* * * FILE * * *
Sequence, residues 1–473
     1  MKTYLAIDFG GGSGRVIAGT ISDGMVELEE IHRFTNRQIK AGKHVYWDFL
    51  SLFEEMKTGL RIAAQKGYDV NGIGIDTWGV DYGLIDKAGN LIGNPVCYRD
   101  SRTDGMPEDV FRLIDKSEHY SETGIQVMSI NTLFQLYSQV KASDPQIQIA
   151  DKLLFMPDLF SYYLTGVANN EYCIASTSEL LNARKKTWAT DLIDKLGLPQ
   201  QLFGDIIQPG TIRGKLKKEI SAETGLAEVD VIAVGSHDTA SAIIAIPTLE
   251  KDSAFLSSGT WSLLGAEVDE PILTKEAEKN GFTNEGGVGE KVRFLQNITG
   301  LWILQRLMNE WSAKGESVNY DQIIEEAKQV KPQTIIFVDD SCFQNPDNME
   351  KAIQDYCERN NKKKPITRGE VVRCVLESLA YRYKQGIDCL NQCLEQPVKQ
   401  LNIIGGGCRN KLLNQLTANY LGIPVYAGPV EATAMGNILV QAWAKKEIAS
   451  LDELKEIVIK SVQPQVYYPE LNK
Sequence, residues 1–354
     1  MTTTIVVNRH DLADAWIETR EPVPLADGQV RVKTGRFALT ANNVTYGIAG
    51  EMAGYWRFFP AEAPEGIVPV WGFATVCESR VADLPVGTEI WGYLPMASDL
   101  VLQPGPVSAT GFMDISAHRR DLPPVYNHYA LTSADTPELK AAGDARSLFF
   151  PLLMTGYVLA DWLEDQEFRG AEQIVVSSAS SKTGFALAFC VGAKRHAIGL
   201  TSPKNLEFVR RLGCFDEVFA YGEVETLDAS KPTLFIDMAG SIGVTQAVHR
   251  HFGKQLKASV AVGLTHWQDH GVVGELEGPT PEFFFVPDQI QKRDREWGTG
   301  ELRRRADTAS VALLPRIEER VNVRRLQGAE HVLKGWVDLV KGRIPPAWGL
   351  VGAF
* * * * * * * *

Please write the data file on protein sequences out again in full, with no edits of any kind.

Sequence, residues 1–473
     1  MKTYLAIDFG GGSGRVIAGT ISDGMVELEE IHRFTNRQIK AGKHVYWDFL
    51  SLFEEMKTGL RIAAQKGYDV NGIGIDTWGV DYGLIDKAGN LIGNPVCYRD
   101  SRTDGMPEDV FRLIDKSEHY SETGIQVMSI NTLFQLYSQV KASDPQIQIA
   151  DKLLFMPDLF SYYLTGVANN EYCIASTSEL LNARKKTWAT DLIDKLGLPQ
   201  QLFGDIIQPG TIRGKLKKEI SAETGLAEVD VIAVGSHDTA SAIIAIPTLE
   251  KDSAFLSSGT WSLLGAEVDE PILTKEAEKN GFTNEGGVGE KVRFLQNITG
   301  LWILQRLMNE WSAKGESVNY DQIIEEAKQV KPQTIIFVDD SCFQNPDNME
   351  KAIQDYCERN NKKKPITRGE VVRCVLESLA YRYKQGIDCL NQCLEQPVKQ
   401  LNIIGGGCRN KLLNQLTANY LGIPVYAGPV EATAMGNILV QAWAKKEIAS
   451  LDELKEIVIK SVQPQVYYPE LNK
Sequence, residues 1–354
     1  MTTTIVVNRH DLADAWIETR EPVPLADGQV RVKTGRFALT ANNVTYGIAG
    51  EMAGYWRFFP AEAPEGIVPV WGFATVCESR VADLPVGTEI WGYLPMASDL
   101  VLQPGPVSAT GFMDISAHRR DLPPVYNHYA LTSADTPELK AAGDARSLFF
   151  PLLMTGYVLA DWLEDQEFRG AEQIVVSSAS SKTGFALAFC VGAKRHAIGL
   201  TSPKNLEFVR RLGCFDEVFA YGEVETLDAS KPTLFIDMAG SIGVTQAVHR
   251  HFGKQLKASV AVGLTHWQDH GVVGELEGPT PEFFFVPDQI QKRDREWGTG
   301  ELRRRADTAS VALLPRIEER VNVRRLQGAE HVLKGWVDLV KGRIPPAWGL
   351  VGAF